For complete program details click here.

Neuroendocrinology, Sex Differences and Reproduction

The training program in Neuroendocrinology, Sex Differences and Reproduction is for both predoctoral and postdoctoral trainees, and has been funded continuously since 1980.  The current Program Director is Dr. Arthur P. Arnold.  This program represents the educational activities of a group of twelve faculty laboratories comprising the Laboratory of Neuroendocrinology (LNE) of the Brain Research Institute. The activities of the LNE include graduate and undergraduate courses in neuroendocrinology, the weekly brown-bag seminar on current topics in neuroendocrinology, exchange of research ideas and methods among member laboratories, research opportunities for students at all levels, and the annual Charles Sawyer lectureship in neuroendocrinology. Research of the faculty spans all analytical levels in the field of neuroscience, from the molecular to the behavioral. Research interests include sex determination and sexual differentiation, hormonal regulation of neural function, gender differences in disease, cellular and molecular analysis of neural development, neural regulation of gonadal and adrenal function, glial neurobiology, stress, aging, neuroendocrine immunology, growth factors and cytokines, and genetic approaches. Although the main focus is on basic research in   neuroendocrinology, some faculty are also involved in direct analysis of human disease and clinical trials to develop new neuroendocrine therapies.

For complete program details click here.

Neuroengineering (NET)

The UCLA Brain Research Institute (BRI), the UCLA School of Engineering and Applied Science (SEAS), and the Jet Propulsion Laboratory (JPL) have joined forces in a major new educational program, the  NeuroEngineering Training (NET) Program.  This program is supported by the National Science Foundation  IGERT (Integrative Graduate Education and Training) Program. IGERT is an NSF-wide program intended to facilitate the establishment of innovative, research-based graduate programs that will train a diverse group of scientists and engineers to be well-prepared to take advantage of a broad spectrum of career options. The IGERT program provides doctoral institutions with an opportunity to develop new, well-focused multidisciplinary graduate programs that transcend organizational boundaries and unite faculty from several departments or institutions to establish a highly interactive, collaborative environment for both training and research. The NET Program is a joint endeavor of the Interdepartmental Ph.D. Program for Neuroscience and the Biomedical Engineering Ph.D. Program in SEAS, with the active involvement of scientists from JPL. This cooperative effort is perhaps unique in that it encourages students to work at the relatively underdeveloped but fertile interface between engineering and neuroscience. The objectives of the NET Program are (1) to enable students with a background in biological science to develop and execute projects that make use of state-of-the-art technology, including microelectro-mechanical systems (MEMS), signal processing, and photonics; (2) to enable students with a background in engineering to develop and execute projects that address problems that have a neuroscientific base, including locomotion and pattern generation, central control of movement, and the processing of sensory information; and (3) to enable all trainees to develop the capacity for the multidisciplinary teamwork, in intellectually and socially diverse settings, that will be necessary for new scientific insights and dramatic technological progress in the 21st century.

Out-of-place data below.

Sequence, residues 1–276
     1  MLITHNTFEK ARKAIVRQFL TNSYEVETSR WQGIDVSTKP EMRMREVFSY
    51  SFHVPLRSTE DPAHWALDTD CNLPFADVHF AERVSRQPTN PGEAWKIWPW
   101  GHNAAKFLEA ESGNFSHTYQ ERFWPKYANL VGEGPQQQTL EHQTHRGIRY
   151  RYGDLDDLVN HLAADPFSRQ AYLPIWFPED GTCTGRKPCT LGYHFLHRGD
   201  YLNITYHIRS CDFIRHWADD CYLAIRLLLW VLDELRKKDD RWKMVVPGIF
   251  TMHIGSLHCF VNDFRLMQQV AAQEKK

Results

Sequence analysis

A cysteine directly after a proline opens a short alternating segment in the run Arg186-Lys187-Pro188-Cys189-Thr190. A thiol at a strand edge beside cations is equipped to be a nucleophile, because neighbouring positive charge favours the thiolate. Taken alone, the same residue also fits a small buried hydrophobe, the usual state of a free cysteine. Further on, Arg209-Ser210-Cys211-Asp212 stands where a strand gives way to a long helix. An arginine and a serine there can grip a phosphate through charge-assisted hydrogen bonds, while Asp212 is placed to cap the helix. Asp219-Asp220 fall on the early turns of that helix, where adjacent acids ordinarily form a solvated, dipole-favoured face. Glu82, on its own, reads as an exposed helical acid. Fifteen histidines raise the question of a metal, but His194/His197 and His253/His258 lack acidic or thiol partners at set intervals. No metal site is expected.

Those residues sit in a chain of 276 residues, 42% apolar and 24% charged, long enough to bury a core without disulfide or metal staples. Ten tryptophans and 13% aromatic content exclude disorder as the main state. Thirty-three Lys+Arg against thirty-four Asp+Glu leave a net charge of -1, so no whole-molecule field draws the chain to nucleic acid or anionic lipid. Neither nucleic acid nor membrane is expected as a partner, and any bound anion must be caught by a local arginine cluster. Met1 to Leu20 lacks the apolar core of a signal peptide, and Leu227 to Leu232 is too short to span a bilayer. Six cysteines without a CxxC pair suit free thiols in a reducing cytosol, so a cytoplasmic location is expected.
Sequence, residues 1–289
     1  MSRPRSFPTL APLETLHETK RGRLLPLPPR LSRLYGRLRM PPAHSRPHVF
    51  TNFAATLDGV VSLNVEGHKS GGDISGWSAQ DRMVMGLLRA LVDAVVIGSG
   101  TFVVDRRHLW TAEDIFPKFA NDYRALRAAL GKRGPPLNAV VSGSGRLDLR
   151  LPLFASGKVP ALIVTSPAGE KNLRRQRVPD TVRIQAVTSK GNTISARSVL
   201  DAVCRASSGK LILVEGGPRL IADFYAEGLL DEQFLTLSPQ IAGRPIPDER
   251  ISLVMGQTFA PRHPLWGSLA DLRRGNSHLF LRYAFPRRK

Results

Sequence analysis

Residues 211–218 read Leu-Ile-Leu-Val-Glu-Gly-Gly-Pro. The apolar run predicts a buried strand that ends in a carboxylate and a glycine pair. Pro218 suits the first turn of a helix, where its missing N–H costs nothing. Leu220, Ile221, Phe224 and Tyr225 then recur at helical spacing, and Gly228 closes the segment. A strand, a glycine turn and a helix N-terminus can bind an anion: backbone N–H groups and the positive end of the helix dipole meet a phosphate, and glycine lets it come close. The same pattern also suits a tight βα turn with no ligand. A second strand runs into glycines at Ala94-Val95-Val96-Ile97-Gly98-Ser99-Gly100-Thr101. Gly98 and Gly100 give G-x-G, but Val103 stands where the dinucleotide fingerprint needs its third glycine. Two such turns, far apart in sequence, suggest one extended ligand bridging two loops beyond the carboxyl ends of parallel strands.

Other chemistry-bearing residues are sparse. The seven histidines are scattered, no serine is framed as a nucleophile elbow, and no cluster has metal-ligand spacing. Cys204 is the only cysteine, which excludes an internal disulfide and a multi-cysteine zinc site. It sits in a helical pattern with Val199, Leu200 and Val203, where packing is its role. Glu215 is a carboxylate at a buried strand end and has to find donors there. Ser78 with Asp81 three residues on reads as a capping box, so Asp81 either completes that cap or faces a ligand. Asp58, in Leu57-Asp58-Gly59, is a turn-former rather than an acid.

For complete program details click here.

Postdoctoral

For complete program details click here.

Translational Investigation (K30)

The UCLA Graduate Training Program in Translational Investigation (also known as the K30 Program) was developed to provide clinicians with the necessary training to become successful patient-oriented investigators who can bridge molecular medicine and clinical research.

This program has a curriculum that assists participants in preparing highly competitive:

  • Patient-oriented studies
  • K23 applications
  • NIH R01 grants in clinical research
  • Research papers for publication in prestigious general medical /scientific journal

For complete program details click here.

UCLA Bioscience Neuroscience Training Grants

Click here for a list of bioscience neuroscience training grants at UCLA.

UCLA Bioscience Training Grants

Click here for a list of bioscience training grants at UCLA.